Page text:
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Bolivia's Current Crisis

Updated on May 7, 2012

Et tu Bolivia?


One thing can be said about Juan Evo Morales of Bolivia - he has never seen a left leaning nationalistic scheme he didn't like. One thing that can't be said of Evo Morales is that he has original left leaning nationalistic ideas.

Mr. Morales has been a follower of Socialist firebrand Hugo Chavez of Venezuela and the Castro brothers of Cuba for years. He has taken Bolivia down the path of state run autocratic rule little by little.

He has lead Bolivia as if he were liberating the country from European rule even though the current leadership and population are almost entirely mixed race. His populist slight of hand is meant to distract the public from the sad state of the economy. As Rahm Emanual was quoted saying in 2008, 'You never want a serious crisis to go to waste. And what I mean by that is an opportunity to do things you think you could not do before.'

His latest foray has been to follow the example of Cristina Kirchner of Argentina - whose take out of oil giant YPF last week was greeted with cheers from the street .By nationalizing Spanish power company Red Electrica's Bolivian interests, Mr. Morales see's a way to distract the people of Bolivia with the promise of more free giveaways. Some results of his controversial policies:

  • Protested road building in sacred Indian lands within the Amazon Basin - to help coca growers
  • Gasoline subsidy reductions leading to local riots
  • Nationalization of gas industry in 2006 - met with general public approval
  • Raised gas export prices to Brazil in 2006 - causing Brazil's Petrobras to seek alternative sources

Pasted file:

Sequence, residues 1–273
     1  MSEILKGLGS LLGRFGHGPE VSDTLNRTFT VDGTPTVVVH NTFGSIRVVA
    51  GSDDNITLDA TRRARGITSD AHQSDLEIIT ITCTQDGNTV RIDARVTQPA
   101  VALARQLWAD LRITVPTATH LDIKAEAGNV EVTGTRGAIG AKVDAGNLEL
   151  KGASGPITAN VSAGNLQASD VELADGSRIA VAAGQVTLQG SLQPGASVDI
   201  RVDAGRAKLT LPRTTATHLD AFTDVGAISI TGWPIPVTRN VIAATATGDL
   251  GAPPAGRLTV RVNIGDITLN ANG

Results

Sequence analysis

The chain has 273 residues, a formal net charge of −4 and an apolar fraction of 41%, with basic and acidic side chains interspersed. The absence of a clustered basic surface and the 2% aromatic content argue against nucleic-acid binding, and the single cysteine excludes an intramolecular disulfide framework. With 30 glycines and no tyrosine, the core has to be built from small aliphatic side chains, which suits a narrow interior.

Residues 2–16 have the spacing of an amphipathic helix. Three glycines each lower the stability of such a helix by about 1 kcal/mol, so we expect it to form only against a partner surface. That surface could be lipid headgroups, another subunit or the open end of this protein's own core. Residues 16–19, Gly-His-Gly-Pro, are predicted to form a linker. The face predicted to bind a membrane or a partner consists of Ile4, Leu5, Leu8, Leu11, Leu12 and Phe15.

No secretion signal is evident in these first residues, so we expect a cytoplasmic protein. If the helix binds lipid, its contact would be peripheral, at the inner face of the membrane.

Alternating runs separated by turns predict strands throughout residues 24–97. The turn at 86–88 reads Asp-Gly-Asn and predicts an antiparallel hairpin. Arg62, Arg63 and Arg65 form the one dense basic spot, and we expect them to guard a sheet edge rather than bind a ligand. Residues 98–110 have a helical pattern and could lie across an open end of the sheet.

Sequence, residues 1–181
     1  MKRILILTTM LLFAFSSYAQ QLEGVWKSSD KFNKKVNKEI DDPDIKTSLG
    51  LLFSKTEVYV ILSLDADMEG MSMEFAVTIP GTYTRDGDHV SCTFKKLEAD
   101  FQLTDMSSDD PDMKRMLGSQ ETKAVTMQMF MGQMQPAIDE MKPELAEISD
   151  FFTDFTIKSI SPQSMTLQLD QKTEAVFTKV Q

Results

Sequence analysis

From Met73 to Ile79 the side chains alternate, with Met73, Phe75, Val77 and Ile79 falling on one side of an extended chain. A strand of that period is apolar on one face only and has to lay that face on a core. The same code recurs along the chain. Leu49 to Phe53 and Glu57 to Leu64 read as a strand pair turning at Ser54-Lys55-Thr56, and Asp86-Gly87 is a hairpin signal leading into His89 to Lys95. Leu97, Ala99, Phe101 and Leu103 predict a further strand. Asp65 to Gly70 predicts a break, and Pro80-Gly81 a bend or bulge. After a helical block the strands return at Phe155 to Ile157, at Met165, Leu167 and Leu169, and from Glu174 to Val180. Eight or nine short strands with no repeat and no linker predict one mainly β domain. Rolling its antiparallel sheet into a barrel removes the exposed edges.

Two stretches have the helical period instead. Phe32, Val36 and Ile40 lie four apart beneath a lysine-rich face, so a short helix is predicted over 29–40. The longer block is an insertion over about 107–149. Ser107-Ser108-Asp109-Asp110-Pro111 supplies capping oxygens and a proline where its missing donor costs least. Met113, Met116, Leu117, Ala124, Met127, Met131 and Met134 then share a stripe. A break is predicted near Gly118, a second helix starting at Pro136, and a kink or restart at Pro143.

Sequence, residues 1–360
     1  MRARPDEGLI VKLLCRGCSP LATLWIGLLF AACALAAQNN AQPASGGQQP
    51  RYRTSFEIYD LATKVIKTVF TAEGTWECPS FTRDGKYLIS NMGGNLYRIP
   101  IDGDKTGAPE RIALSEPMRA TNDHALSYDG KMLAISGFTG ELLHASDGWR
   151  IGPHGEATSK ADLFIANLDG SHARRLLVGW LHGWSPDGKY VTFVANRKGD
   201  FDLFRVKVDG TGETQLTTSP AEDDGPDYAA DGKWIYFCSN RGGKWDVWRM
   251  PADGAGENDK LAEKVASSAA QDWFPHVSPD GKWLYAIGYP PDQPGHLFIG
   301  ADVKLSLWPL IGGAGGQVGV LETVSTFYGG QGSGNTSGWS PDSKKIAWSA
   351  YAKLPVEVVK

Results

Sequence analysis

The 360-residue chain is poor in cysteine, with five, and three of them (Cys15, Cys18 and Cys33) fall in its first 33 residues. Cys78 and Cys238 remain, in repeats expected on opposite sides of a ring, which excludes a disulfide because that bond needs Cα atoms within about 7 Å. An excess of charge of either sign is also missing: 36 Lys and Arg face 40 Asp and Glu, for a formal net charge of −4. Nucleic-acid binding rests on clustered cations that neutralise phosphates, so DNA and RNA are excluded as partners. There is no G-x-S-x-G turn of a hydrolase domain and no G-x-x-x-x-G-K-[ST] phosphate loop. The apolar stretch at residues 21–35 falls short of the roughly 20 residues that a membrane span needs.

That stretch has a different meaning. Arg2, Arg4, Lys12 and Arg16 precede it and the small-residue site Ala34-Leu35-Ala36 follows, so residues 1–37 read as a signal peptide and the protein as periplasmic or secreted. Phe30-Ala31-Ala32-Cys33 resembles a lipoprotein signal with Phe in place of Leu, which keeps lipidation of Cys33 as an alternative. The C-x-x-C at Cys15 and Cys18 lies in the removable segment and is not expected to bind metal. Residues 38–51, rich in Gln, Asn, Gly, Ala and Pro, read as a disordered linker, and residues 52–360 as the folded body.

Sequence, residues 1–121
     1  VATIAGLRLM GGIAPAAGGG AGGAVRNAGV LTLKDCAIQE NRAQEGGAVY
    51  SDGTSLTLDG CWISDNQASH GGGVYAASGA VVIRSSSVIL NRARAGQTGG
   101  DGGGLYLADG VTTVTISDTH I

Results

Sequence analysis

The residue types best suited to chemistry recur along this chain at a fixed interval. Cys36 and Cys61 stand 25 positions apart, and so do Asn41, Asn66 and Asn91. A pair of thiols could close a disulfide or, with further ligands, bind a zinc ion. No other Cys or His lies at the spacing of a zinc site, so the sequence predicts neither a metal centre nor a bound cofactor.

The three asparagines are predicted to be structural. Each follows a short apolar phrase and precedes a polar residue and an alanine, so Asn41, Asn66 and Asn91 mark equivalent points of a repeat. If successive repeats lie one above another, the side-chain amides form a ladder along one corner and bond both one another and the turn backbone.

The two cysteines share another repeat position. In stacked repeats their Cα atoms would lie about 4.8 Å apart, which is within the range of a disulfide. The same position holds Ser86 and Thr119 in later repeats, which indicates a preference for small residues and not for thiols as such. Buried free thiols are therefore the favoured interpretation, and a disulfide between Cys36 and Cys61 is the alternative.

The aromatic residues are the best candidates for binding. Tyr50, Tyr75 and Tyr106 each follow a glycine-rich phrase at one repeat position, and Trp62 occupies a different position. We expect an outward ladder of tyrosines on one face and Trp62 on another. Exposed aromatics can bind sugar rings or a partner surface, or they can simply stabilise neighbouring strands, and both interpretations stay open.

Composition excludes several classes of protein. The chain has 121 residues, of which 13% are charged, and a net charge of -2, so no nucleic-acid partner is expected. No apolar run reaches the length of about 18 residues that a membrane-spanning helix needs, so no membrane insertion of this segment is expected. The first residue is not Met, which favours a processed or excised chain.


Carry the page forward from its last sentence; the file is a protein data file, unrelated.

• Political unrest in the eastern, oil rich area of Bolivia - potentially leading to civil war

What is becoming apparent is that the presidents policies will close the country off to foreign investment.This investment is what leads to the long term solution of alleviating suffering and lack of good jobs.

Mr. Morales started life being born into an Aymara Indian family of subsistence farmers. Life was hard for young Evo with Bolivia being ruled by a smaller group of Europeans since independence from Spain a generation ago. He came to view the plight of his family as somehow being the fault of these Europeans - radicalizing his societal views.

Later on Morales started growing coca, to increase the family income, which eventually found its way into the international cocaine trade. He then resented the United States for working with the Bolivian government to suppress the coca crop in the 1990's. His point of view led him to join a number of different socialist protest groups - the most colorful being the Cochabamba protests when that city privatized its water company.

Further showing his political leaning - he has even condemmed left of center American President Barack Obama after the United States became involved in the Libyan conflict - saying 'Mr. Obama's Nobel Peace Prize showed be revoked.'

As with the vast majority of socialist leaders - after awhile their policies are seen for what they really are - unpopular and enforceable only by force.This is interesting since Mr. Morales, being the self described champion of the oppressed, was witness to police brutality against peaceful protesters in La Paz in August of 2011.

Which leads us to the Red Electrica copycat move.